Abstract: Towards the end of his 2014 book The Bush: Travels in the Heart of Australia, Don Watson describes the quietening of evenings in the rural fringe just beyond Melbourne’s outskirts where all is stilled save for the tranquil browsing of kangaroos. The raucous laughter of kookaburras then begins to reverberate through this silence. “If nothing else will pin you to your native land,” Watson writes, “this will” (355). Watson’s appeal to the senses as revelatory of a quintessential Australianness by no means underpins or supports crude nationalism, but it does reference the centrality of “the land” or “the bush” in particular evocations of belonging and identity. Our reference to the bush as a source of identity has always been somewhat incongruous given that we are predominantly an urban population and much has been written about this. Curiously, however, nowadays voices from the bush are seldom heard and when so they often draw censure. The bush is spoken for and about but seldom listened to, a position it shares with the working class among others. Despite a suite of significant rural affairs programmes, ABC RN too frequently is dismissive of and condescending towards bush voices. Yet the bush is at the coalface of where so much of what is un-settling (and un-settled) Australia occurred, and because vicariously it is where we locate our essential Australianness, we should be seeking to better understand the lifeworlds of those who live there. Their lived experience, no matter how ostensibly distant from the more delicate or righteous sensibilities of the urban elite, often reveal complex and nuanced negotiations and intersections with Australia’s past and present, peoples and places.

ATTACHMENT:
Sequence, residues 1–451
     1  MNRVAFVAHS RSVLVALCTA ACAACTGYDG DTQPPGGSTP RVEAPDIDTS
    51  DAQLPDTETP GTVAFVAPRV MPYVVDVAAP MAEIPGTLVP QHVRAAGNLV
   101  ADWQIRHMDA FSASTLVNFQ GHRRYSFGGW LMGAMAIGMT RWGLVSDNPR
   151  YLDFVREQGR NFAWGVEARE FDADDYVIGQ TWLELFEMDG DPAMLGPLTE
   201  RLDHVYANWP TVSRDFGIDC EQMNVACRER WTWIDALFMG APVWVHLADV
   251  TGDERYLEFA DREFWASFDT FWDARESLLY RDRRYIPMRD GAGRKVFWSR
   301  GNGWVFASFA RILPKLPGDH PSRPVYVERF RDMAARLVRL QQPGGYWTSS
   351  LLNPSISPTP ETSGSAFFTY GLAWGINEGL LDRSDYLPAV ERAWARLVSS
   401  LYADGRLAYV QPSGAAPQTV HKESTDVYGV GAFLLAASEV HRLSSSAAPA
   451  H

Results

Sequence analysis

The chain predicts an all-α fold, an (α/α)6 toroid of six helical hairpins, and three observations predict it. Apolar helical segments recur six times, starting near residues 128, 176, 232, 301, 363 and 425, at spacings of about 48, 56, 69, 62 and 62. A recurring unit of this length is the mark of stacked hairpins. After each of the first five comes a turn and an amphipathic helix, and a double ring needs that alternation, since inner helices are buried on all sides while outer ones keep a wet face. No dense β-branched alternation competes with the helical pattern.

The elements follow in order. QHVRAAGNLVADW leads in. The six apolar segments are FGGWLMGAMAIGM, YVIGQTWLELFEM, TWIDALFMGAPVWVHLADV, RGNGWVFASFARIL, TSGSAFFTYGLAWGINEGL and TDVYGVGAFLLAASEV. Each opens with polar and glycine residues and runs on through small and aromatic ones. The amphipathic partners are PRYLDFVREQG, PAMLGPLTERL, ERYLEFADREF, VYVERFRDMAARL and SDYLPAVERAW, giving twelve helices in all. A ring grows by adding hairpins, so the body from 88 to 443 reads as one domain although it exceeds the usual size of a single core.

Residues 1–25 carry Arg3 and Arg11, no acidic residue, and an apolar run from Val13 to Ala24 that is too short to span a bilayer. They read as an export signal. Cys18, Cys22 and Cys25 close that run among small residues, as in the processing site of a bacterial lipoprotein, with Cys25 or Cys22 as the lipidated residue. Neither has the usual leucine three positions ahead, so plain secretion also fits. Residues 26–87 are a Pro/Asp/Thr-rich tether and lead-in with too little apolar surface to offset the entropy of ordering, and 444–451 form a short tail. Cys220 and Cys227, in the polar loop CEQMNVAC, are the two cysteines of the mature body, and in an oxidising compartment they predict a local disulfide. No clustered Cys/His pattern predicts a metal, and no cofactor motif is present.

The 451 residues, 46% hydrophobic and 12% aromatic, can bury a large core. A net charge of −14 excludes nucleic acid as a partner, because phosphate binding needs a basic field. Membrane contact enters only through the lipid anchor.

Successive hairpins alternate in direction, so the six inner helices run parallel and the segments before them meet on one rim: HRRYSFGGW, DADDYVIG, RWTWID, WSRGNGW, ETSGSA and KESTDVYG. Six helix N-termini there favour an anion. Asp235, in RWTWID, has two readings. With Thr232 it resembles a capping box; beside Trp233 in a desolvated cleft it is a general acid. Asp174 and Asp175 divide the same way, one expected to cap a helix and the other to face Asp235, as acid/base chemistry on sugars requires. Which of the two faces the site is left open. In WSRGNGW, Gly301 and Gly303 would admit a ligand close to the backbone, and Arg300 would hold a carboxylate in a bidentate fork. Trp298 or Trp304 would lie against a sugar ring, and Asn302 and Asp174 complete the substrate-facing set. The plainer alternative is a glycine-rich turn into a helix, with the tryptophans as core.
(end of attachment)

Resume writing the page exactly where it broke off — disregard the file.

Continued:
Keywords: the bush; elites; working-class; lifeworlds; Aborigines; settlers